OK, companies, listen up. This is how you handle your corporate account. When Gap heard that one of its advertisements had been defaced in New York City the company took to Twitter to take care of the situation.
Step 1: Make It Private
Gap was alerted by Arsalan Iftikhar, or @TheMuslimGuy, that one of the company’s ads had been defaced. Some misguided tagger wrote “Make Bombs” and “Please stop driving taxis” on an ad featuring Sikh model Waris Ahluwahlia. To make the racist remarks even more enraging, they were placed on a billboard that was promoting diversity.
PHOTO: On this GAP subway ad featuring a Sikh man…Vandals have written “Make Bombs” “Please stop driving taxis” pic.twitter.com/yvw2vhfexW
— Arsalan Iftikhar™ (@TheMuslimGuy) November 25, 2013
Gap responded to @The MuslimGuy and asked him to send a direct message so that they could talk privately about the situation. Gap asked for the location of the billboard so that they could take down the racist graffiti.
@TheMuslimGuy Hi there. Thanks for informing us. Can you please follow DM us? We’d like to know the location of this.
— Gap (@Gap) November 25, 2013
Step 2: Make It Public
Fixing the defaced ad in NYC was a good move but it wasn’t enough for Gap. In order to show their support for diversity and in order to condemn the racist remarks even more, Gap decided to use the ad as its profile pic.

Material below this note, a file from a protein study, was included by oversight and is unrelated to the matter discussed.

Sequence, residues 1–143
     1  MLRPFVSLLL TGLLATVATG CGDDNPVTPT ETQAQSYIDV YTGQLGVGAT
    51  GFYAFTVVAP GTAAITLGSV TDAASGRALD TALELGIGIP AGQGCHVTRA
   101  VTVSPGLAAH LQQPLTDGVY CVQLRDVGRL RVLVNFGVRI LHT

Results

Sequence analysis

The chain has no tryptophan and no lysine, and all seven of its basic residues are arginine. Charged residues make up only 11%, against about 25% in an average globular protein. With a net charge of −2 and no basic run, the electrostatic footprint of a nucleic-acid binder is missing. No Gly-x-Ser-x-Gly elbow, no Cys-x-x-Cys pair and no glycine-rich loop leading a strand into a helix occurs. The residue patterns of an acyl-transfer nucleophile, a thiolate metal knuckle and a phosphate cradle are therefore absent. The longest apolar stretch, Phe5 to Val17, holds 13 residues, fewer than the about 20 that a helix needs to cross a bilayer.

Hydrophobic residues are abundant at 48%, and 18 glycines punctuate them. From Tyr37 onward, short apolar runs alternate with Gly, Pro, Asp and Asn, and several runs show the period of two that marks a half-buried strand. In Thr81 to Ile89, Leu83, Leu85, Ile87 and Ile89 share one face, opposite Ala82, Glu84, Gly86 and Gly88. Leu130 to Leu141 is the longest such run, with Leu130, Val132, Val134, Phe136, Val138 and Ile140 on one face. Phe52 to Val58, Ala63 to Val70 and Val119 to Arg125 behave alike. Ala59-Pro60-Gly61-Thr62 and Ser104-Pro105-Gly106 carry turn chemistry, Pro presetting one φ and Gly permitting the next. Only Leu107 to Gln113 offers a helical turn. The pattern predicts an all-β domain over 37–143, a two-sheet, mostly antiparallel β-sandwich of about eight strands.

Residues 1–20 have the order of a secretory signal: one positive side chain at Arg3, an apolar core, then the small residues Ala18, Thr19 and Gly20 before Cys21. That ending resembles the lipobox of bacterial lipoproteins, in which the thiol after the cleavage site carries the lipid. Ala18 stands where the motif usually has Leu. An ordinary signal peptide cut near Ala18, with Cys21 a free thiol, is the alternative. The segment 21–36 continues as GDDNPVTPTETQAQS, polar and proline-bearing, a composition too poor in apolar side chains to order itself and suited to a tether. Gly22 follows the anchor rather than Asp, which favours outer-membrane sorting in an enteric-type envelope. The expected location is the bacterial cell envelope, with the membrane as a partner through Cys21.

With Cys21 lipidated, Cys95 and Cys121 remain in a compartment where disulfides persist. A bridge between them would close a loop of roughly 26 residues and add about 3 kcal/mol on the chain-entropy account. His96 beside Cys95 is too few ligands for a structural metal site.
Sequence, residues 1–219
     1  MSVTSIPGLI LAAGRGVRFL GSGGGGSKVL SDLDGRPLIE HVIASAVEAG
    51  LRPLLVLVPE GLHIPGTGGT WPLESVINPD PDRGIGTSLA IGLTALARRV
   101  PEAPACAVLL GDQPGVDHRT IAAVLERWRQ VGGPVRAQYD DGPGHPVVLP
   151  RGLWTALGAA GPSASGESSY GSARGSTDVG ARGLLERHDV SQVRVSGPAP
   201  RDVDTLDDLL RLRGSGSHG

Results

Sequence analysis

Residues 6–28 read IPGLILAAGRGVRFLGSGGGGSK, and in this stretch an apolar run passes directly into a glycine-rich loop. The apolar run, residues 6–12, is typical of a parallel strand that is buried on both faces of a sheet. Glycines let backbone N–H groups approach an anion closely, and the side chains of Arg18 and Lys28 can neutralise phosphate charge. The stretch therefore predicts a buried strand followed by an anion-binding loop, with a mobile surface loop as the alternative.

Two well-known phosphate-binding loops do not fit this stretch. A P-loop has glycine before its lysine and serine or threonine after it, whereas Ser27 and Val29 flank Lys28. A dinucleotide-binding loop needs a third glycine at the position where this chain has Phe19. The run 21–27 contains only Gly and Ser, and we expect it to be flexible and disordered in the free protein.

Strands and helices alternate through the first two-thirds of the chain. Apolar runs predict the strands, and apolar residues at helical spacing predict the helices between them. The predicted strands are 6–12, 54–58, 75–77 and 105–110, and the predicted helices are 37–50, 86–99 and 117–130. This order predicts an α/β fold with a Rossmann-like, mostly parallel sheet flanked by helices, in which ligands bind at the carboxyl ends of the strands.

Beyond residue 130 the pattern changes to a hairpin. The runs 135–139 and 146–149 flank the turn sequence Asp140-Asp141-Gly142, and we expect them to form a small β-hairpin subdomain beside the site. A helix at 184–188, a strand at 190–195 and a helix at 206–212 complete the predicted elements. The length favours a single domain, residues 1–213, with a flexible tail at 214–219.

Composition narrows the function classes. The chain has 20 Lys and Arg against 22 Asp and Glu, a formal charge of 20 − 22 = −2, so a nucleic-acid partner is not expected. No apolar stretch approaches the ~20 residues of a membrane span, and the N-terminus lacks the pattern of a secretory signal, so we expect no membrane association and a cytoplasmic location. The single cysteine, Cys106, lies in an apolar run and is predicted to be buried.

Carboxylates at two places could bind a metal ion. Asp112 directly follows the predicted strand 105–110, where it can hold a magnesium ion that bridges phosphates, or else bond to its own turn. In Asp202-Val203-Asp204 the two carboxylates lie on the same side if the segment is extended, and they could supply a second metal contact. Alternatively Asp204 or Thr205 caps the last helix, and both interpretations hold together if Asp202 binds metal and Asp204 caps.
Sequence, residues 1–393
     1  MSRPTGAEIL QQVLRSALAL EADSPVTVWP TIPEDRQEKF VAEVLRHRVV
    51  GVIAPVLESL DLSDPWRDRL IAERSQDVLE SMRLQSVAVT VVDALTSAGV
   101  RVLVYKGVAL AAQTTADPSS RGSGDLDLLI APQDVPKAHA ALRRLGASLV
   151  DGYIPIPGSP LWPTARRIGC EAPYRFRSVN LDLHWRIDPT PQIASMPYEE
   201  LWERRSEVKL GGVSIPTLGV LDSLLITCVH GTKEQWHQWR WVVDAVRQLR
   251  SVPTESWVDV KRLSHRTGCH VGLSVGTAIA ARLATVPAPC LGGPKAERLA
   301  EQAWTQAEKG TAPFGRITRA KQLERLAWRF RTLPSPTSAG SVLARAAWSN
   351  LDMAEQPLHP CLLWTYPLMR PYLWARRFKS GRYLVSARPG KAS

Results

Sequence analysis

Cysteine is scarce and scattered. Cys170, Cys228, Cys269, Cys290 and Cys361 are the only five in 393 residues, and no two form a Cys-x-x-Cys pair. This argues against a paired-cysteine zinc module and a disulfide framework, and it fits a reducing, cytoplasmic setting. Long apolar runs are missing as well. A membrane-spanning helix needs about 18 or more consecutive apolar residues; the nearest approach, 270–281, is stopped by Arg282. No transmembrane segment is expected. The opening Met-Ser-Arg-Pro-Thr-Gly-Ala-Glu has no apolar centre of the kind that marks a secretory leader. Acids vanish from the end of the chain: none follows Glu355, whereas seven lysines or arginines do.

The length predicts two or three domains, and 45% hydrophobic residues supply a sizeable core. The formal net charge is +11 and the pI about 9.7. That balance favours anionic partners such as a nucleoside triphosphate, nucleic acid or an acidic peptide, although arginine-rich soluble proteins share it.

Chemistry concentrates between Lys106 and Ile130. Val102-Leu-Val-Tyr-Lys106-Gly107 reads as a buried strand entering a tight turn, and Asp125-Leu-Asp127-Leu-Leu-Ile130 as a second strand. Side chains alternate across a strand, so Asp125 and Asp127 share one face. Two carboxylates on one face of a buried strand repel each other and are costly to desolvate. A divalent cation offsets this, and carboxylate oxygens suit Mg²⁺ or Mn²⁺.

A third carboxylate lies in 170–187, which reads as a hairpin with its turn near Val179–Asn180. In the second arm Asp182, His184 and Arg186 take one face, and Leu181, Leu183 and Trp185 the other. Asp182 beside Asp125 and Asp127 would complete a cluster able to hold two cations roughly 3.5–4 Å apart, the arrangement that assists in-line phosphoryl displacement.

Step 3: Do It Quick
The world of social media moves at a rapid face and if you don’t act fact people may get the idea that you just don’t care. According to The Muslim Guy, Gap responded within a day of his tweet and started working to correct the problem.
Arsalan Iftikhar writes at the Daily Beast: “In addition to Gap’s rocket-fast attempt to find out more details about the situation, I have to say that the best part about the company’s response to this social media campaign is that it currently has the Sikh model as their current Twitter background photo below.”
Gap’s Make Love campaign wasn’t really noteworthy until this week. Sure, it was nice to see a diverse range of models wearing Gap clothes but that didn’t really say anything about the company other than the fact that they want to peddle their merchandise to all shapes, sizes and colors. But maybe it’s not just a marketing campaign? Does Gap really care about diversity in America?
— Gap (@Gap) November 21, 2013
It’s nice to see a company do something good every once in a while but not let’s get ahead of ourselves and declare Gap the moral compass of the corporate world. Remember that hurricane Sandy tweet?